Date of Award
Master of Science
Thomas W. Albrecht
C. E. Wylie
In general, the milk used for the manufacture of Cheddar cheese in the Tennessee area Is produced on farms which have small herds. Because of the cost of equipment in relation to this dairy operation, most of the producers cool the milk with spring or well water. In the summer months the temperature of this water may exceed 65° F.; consequently, it is almost impossible to have milk with a low bacteria count. It Is necessary, therefore, that the milk be pasteurized in order to gain some control of the bacteria In the original milk. The cheese makers have been reluctant in using heat treatments above the very minimum as they assumed that the quality of the cheese suffered. Much of the cheese made in this area has been Inferior in quality, especially when aged, and has had to be used in the manufacture of processed cheese.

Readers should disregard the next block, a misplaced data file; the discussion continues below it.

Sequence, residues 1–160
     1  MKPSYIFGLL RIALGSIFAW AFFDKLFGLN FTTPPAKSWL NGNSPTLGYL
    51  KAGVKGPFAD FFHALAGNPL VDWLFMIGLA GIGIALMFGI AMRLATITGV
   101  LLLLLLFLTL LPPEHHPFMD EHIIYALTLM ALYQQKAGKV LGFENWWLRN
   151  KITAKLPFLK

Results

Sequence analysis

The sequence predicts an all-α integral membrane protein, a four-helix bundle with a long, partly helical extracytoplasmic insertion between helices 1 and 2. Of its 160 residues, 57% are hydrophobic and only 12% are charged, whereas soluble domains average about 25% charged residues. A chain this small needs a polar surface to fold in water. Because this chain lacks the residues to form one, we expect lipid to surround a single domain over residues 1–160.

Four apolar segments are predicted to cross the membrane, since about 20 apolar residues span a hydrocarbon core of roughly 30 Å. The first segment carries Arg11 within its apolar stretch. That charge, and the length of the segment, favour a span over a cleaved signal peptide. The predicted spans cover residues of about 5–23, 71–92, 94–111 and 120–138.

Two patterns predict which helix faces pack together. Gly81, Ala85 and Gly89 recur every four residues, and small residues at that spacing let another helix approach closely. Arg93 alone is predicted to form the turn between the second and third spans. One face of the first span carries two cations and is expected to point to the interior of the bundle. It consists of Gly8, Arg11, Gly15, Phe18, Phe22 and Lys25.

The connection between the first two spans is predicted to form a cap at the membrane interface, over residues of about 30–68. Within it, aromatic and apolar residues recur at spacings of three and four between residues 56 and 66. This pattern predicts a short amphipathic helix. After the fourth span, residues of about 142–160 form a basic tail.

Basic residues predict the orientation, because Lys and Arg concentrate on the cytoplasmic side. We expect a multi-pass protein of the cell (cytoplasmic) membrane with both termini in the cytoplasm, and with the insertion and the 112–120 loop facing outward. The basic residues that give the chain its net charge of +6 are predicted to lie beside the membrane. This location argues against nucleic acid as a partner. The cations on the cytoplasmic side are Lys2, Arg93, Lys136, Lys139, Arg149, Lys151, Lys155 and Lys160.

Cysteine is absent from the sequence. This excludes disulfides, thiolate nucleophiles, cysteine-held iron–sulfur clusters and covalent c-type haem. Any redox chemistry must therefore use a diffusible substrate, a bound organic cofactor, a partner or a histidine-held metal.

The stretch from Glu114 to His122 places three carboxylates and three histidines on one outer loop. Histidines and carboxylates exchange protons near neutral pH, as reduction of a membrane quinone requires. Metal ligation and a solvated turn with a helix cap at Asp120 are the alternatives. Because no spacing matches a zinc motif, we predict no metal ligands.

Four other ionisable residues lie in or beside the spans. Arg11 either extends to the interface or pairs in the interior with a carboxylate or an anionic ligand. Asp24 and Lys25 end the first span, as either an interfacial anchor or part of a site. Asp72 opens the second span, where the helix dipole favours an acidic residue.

It Is hoped that, through the use of a higher heat treatment to the milk, a better control of the bacteria could be obtained and at the same time a large portion of the bacterial enzyme systems inactivated. If this can be accomplished, it was postulated that the quality of the cheese could be Improved materially, thus giving the cheesemakers a greater return for their labor which In turn could be transferred to the farmer by way of higher prices for the producer milk.
James, Henry Thomas, "A study of the manufacture of Cheddar cheese made from heated milks. " Master's Thesis, University of Tennessee, 1952.